“In tonight’s honest, worthwhile and immensely watchable film – the second by film-maker Paddy Wivell for the Wonderland strand in as many weeks – 83 year-old Peggy moves in with her daughter and son-in-law” The Times
“Over on BBC2, the Wonderland strand had another great project to add to it’s collection: Granny’s Moving In. It showed us how Peggy sees the world, as her brain -as her self- gradually melts around the edges…Accompanied by a bird-like cor anglais and a shifting, restless edit, we saw her dialling through kaleidoscopic fragments of who, over 80 years, she has been – a mother, proud Londoner, a young woman. You could see a ticker-tape parade of notions and memories assert themselves in no particular order – random instructions to be followed, all with equal passion.” Caitlin Moran, The Saturday Times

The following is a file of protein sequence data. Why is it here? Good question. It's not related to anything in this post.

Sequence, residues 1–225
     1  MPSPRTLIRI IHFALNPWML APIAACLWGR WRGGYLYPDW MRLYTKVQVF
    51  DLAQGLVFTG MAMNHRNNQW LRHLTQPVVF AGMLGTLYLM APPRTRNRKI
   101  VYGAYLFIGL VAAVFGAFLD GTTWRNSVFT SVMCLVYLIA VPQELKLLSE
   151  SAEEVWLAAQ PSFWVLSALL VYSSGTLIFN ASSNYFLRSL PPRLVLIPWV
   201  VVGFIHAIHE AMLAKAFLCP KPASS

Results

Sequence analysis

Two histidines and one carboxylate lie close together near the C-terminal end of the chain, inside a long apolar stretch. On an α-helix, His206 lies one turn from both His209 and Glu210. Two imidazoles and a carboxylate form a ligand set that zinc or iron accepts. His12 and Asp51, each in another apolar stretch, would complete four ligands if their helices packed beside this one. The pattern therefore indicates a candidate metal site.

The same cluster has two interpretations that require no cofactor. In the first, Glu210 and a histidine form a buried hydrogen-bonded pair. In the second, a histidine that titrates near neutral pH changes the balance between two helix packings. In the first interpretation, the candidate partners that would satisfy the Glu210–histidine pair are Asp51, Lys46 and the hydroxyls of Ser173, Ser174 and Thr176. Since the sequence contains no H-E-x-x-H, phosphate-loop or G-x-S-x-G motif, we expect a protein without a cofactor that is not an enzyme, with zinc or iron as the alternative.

…Wivell ended (the film) with nicely weighted ambiguity too: “I couldn’t wish for a nicer daughter,” said Peggy, happily ensconced in her deluxe garden shed
Iiving room. But then you had a matched image of her looking out alone through the window and Sue and her husband behind their sliding doors, a family separated by what Larkin once called “sun-comprehending glass”. The Independent
“Peggy, seemingly sensing the loss of independence became less willing to cooperate while Sue and Phil found themselves increasingly parenting the parent…The point of Paddy Wivell’s film though wasn’t to show us the suffering involved but the true meaning of love.” Daily Express
“A difficult subject, handled with discretion” Time Out